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Van Avermaet: I might not win a Classic this season but I have no regrets

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Greg van Avermaet and the CCC Team recon paris-Roubaix

Greg van Avermaet and the CCC Team recon paris-Roubaix
(Image credit: Bettini Photo)
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CCC Team's Greg van Avermaet looks ready for Paris-Roubaix

CCC Team's Greg van Avermaet looks ready for Paris-Roubaix
(Image credit: Bettini Photo)
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Greg Van Avermaet of CCC Team attends a press conference ahead of the 74th Omloop Het Nieuwsblad

Greg Van Avermaet of CCC Team attends a press conference ahead of the 74th Omloop Het Nieuwsblad
(Image credit: Getty Images)
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Greg Van Avermaet (CCC) at the Tour of Flanders

Greg Van Avermaet (CCC) at the Tour of Flanders
(Image credit: Getty Images)
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Greg Van Avermaet (CCC) at the Tour of Flanders

Greg Van Avermaet (CCC) at the Tour of Flanders
(Image credit: Getty Images)

For CCC Team's Greg Van Avermaet, there's very little between success and failure when it comes to the Classics. A third place here, a rousing ride up the Kwaremont there; they ultimately mean little for a rider who defines his entire career by the number of Monument wins they can look back on upon retiring.

At present, Van Avermaet's tally stands at one, with a cobblestone from the 2017 edition of Paris-Roubaix nestled nicely on his mantlepiece. It's a meagre tally, some might say, given his diverse talents and years of service to the one-day cause, yet the 33-year-old remains relaxed ahead of this Sunday's 'Hell of the North' – his last cobbled appointment of the 2019 campaign.

"I'm confident that I can win," Van Avermaet said as he pulled to a standstill at the Roubaix velodrome after a recon ride on Friday.

"I'm at the right level, while some riders aren't there. I'm one of the favourites, but everything has to go perfectly. There's a possibility I won't win a Classic this season, but I can't regret anything because I've done everything right in preparation."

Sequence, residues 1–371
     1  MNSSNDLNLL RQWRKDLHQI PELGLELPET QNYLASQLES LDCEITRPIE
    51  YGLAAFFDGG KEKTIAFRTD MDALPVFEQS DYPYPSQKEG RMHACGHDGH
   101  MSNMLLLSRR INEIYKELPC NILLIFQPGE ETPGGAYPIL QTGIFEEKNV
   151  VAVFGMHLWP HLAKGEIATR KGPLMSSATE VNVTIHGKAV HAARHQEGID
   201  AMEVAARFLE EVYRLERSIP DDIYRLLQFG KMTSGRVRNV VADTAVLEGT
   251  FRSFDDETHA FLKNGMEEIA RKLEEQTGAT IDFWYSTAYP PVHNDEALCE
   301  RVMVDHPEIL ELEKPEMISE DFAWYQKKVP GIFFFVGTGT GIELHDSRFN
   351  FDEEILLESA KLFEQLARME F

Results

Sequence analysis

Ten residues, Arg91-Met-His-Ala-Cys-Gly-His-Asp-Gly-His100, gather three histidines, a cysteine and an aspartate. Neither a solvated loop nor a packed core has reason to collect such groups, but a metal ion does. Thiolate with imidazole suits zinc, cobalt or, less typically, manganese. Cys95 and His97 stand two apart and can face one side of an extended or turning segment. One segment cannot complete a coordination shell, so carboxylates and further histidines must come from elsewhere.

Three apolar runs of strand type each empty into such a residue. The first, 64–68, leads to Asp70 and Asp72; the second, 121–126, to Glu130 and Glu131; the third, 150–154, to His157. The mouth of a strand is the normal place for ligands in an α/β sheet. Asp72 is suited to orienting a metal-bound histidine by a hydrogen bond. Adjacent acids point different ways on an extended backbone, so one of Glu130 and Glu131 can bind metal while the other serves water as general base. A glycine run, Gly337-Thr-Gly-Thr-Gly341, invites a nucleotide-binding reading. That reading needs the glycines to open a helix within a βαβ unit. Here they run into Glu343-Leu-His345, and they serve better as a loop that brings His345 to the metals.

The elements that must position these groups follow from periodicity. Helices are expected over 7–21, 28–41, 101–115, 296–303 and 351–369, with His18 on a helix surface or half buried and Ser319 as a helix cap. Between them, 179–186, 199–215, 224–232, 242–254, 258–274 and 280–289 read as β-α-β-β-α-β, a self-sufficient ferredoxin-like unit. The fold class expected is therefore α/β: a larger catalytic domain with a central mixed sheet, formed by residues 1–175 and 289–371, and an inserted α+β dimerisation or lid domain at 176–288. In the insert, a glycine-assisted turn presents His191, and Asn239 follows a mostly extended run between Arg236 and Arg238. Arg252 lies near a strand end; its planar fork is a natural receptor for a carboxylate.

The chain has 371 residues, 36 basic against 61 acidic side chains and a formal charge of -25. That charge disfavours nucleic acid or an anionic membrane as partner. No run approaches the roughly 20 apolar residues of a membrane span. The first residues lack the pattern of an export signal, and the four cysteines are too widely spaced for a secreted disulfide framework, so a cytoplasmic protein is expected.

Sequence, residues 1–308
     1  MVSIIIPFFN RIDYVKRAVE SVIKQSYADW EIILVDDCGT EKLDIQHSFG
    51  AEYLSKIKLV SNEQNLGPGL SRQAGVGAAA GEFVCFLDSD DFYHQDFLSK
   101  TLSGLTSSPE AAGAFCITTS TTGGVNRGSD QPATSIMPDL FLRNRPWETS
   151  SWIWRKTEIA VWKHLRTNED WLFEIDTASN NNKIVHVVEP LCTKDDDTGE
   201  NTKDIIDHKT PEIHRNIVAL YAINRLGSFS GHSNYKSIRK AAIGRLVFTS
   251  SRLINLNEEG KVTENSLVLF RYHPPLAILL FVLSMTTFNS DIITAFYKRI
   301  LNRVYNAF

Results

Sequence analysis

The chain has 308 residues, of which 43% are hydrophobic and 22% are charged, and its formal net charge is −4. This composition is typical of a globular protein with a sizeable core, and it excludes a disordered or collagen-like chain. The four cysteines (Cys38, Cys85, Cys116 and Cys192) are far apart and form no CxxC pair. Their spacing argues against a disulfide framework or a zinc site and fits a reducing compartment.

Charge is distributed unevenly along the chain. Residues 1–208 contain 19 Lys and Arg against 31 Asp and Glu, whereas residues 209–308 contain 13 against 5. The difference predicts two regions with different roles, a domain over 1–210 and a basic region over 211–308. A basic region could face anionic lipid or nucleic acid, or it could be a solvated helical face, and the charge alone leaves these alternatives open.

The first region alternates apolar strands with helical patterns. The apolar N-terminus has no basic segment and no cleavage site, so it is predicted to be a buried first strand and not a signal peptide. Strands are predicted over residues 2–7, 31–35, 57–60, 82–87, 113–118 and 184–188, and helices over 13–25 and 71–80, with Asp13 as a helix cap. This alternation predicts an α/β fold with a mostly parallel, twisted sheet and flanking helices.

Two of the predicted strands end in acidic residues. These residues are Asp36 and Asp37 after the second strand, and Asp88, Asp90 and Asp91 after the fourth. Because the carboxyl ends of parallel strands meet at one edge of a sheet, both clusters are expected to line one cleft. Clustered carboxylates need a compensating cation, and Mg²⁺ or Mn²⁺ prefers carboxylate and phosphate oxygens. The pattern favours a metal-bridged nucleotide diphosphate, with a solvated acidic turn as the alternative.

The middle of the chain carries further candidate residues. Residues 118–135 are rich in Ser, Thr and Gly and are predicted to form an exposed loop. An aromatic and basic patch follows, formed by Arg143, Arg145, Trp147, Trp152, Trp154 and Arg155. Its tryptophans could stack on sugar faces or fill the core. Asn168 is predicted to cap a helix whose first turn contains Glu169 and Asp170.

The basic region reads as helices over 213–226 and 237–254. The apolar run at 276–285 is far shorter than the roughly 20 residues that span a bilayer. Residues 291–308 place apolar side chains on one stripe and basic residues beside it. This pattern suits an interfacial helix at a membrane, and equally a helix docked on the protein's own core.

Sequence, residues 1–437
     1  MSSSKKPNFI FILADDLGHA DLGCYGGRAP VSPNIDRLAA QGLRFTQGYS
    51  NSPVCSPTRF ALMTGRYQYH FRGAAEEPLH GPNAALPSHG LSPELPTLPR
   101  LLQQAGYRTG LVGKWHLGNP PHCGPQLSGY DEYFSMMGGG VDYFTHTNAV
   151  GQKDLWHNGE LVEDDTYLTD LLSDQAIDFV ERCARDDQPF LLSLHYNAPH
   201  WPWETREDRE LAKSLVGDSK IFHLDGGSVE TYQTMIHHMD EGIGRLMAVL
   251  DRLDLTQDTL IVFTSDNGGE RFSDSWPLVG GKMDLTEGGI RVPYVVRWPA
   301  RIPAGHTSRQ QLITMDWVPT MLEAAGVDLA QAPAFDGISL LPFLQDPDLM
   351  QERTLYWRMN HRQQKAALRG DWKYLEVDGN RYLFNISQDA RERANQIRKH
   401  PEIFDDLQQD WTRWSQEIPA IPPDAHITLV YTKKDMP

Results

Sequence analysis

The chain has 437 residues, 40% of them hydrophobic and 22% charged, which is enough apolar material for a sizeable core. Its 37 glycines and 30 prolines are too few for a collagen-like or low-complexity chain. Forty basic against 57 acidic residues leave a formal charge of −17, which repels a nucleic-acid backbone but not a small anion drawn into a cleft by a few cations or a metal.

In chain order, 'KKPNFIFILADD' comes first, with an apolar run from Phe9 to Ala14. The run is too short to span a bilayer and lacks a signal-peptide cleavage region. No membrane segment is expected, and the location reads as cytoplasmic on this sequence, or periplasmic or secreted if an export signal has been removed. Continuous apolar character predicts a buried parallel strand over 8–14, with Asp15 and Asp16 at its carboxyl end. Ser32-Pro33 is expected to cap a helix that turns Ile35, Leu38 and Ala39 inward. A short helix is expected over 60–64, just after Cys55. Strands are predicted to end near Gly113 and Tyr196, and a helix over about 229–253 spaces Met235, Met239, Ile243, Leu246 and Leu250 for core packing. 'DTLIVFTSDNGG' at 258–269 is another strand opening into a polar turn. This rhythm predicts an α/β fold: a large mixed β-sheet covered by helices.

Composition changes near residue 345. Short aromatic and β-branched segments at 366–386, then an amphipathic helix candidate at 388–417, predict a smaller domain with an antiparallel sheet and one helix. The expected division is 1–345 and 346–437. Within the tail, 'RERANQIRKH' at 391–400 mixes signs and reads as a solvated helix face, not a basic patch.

Van Avermaet has been around the block enough, and he knows full well that form can go out the window, especially at Roubaix, where the harshness of the cobbles are just as unforgiving no matter how many stars L'Equipe has awarded you on the morning of the race. A puncture at the wrong time, a touch of wheels, or even the briefest of moments on the wrong wheel can end a favourite's race in the blink of an eye.

One area in which Van Avermaet can at least count on is the unwavering support of his team. The CCC Team set-up is built around the Belgian's hopes and dreams, and there is no 'plan B' should he falter.

One of the themes of this year's Classics has been whether or not his team has been up to the job. They lack depth in certain areas but, for the most part, they have been solid rather than spectacular. There have been races when the Olympic king has been sitting alone on his throne, but the men in orange have been far from court jesters. And at any rate, Van Avermaet knows that it's ultimately his job to win, and his alone.

"They did quite well at the Tour of Flanders," he admitted in the company of a small press corps that included Cyclingnews.

"I've not lost a race because of my team this year. They were always quite good. OK, there were some races when they could have been better, but there's not a big difference. On the second time over the Kwaremont at Flanders, Michael Schär was there, which was really important, but then it's on me. For Sunday, we maybe have an even better team because we have bigger guys."

As in most spring campaigns, Van Avermaet has been there or thereabouts. He snatched second place at the Omloop Het Nieuwsblad during Opening Weekend, took another podium finish at the E3 BinckBank Classic, and finished 10th at Flanders. He's been in the mix, but unable to land the blow required.

"I hope to make the difference by myself and have a gap. That didn't work at Flanders, but I don't know why. The race was hard enough, especially after the Muur, where I did a lot of work. It just didn't work. It was a strange Tour of Flanders, but the level of the riders is super high, as you can see if you look at someone like Kasper Asgreen, who is just a helper, but you saw how far he could go," Van Avermaet said of the young Danish Deceuninck-QuickStep rider who took second place at Flanders.

"Before it was just the leaders who could make the difference, but now you have 10 or 15 guys who can do it and have a good race. Everyone is super professional and on a super high level, but sometimes you can't look at one race. E3, for example, was a totally different race.

"I'm happy with my legs. I was really good at E3 and at Flanders. I couldn't make the difference in Flanders, but who could? Only Alberto Bettiol [EF Education First] could get away, so I have to be happy with my shape, even if I'm not that happy about the result. I'm here with Roubaix and Amstel Gold as goals, and I wouldn't want to change anything about my form.

"For me, it's always best if I can get away with some really strong riders because then I can get a good result. It just didn't work out like that at Flanders."

How Paris-Roubaix pans out is yet to be seen, but, as ever with Van Avermaet, it's all about winning when it comes to a stage this big.